Lisa and I were out early, neither of us not sleeping worth a shit. We headed for the Palliser with a detour up Rock Creek to get red willow and cedar for a wreath. Lisa loves making wreaths. Unfortunately the deer eat the tender cedar right off the front door. It’s like we are feeding them and putting Willow in harms way.
We picked up a few sticks of firewood, looked for a Christmas tree, but resolved it was still too early to cut one. This year the tree will be extra small, like the turkey, considering it will only be a crowd of two.
The snow got deep in a hurry. Lisa gave me a look a few times when we pushed further. The new tires seemed to handle it well, still why push your luck? Lisa was happier when she was walking the road anyway.
We cut some branches and watched the tracks in the snow.
Pretty good days. The lake has frozen hard and clear. Without snow it is a skater’s dream. We headed out after work on Friday, tossing the puck around, stopping once and awhile to admire the fine day. We stayed until the stars started to appear.
This morning low cloud blanketed the valley. It always seems cold to me when this happens. This evening Willow and I headed for the mountains with hopes to push through the clouds into the stars.
We followed the creek we are used to. It took less climbing than I initially figured before the stars appeared in the treetops. The sky was warm, twisting in my mind, while long lost spirits flowed through me stealing my breath.
I’m getting to be an old fool. I’m not sure what arrived first the foolishness or the oldness. Lately they seem to have come together as a sort of unwanted conjunction, making me look for my keys while the truck is already started, grabbing my gloves to chop wood, then outside, realizing they are the oven mitts I use to check the roast.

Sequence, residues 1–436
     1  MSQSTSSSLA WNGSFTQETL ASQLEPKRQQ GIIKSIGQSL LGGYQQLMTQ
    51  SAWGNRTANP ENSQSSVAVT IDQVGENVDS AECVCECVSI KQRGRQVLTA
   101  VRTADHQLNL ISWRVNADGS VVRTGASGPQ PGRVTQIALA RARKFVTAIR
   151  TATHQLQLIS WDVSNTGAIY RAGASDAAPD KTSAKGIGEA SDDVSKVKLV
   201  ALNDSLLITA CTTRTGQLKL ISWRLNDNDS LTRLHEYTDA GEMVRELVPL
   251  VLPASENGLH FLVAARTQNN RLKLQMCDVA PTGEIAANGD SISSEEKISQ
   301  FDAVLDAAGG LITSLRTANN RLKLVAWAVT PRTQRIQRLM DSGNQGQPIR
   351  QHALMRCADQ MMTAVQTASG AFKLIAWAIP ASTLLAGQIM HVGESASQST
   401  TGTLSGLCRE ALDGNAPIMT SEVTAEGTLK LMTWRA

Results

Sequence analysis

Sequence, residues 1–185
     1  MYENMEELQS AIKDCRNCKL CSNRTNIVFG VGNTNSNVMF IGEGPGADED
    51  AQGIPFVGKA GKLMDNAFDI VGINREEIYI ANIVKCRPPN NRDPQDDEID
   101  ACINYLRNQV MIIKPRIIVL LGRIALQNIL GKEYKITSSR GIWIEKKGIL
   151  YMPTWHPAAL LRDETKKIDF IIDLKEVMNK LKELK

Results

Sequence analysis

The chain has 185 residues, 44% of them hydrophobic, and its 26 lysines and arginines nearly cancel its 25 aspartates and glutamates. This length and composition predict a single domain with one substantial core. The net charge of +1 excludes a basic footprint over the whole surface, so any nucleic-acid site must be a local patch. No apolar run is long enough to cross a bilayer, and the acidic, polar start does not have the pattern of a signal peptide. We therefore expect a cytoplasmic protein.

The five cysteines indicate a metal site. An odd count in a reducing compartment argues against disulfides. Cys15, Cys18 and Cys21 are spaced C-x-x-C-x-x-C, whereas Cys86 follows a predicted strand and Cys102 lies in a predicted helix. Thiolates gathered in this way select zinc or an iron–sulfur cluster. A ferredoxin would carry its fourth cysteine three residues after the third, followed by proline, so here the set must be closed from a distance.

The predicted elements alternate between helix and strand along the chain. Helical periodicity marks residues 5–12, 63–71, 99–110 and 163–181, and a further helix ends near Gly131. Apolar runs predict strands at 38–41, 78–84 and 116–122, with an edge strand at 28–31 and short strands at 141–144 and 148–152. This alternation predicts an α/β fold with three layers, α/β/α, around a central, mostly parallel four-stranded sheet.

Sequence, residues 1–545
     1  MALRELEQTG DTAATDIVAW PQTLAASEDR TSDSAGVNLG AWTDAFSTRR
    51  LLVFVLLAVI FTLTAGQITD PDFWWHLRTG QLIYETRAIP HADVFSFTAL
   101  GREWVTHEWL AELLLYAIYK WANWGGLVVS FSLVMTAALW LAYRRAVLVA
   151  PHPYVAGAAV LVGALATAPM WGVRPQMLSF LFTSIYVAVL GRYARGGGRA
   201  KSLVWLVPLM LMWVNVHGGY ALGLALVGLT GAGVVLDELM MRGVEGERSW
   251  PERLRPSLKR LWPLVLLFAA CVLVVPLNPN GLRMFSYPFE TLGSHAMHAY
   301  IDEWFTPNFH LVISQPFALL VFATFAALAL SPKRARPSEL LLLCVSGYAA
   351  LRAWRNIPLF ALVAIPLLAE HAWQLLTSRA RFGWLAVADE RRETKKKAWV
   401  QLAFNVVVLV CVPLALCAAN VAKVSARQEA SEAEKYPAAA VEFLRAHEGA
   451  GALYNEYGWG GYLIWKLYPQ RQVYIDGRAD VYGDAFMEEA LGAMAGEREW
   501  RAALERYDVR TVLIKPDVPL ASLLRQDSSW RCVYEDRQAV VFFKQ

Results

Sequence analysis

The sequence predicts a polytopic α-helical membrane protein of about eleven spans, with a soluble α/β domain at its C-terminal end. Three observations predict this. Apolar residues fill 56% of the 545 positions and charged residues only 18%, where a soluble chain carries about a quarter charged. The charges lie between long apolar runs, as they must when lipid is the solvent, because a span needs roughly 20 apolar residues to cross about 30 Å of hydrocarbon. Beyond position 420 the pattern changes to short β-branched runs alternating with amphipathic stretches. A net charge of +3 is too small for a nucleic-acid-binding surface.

Still, who am I to deny my feelings, after all reality is in the eye of the beholder.
Lisa and I wondered the creek bed far from the maddeningly crowds. Since the backroads are free of snow we travelled deeper and higher than other years. Once we got to the white water cascading from the melt that never ceases, we took off on foot.
I was happy to walk on rocks that are usually covered in water in warmer months. Looking at the scrapes and scratches. Digging in the sluice looking for gold that I know isn’t there, quartz but no black sand.
Then we came across a black rock that didn’t belong. It was the only black rock in the river bed. The only black rock I’ve seen in the area. It was out of place. The river would normally be over it.
I lifted it and it was heavy. This was a meteor I figured. Yet, it was pockmarked, not smooth, I held a magnet to it and it didn’t stick.
Regardless, I like to think it was catapulted from space, after a quick trip around the sun, hell bent, entering the atmosphere at ten times it’s size and burned down, in a magnificent streak of colour from red to green, until it hit with the force of ten tonnes of TNT, boiling the river, burying underground, letting a thousand years of high water wash over, until I came along and found it.
That’s most certainly not the way it happened, but it’s the way I like to look at it.
Picked a heap of kale for chips. It’s been frozen and thawed, the deer eye it up from the sidelines. It would be theirs if it wasn’t for the high fence. Willow barks the bucks away, us both brave again in each others company.
The chickadees are still hard at work, taking advantage of the warm weather. Seeds tucked into the woodpile. A few left for when times get tough.
First the moon, then mars followed ahead by Saturn and Jupiter. If you count where we’re standing that’s five circling the sun, bright, up before the rest of the stars.
The chips were crispy and sweet. Why shouldn’t they be?
Spent some time watching chickadees and creepers taking seeds from the dried flowers and hiding them in the trees. It should be noted, they shell them, dropping the husk to the ground below, before tucking the meat into the crevasses of the bark.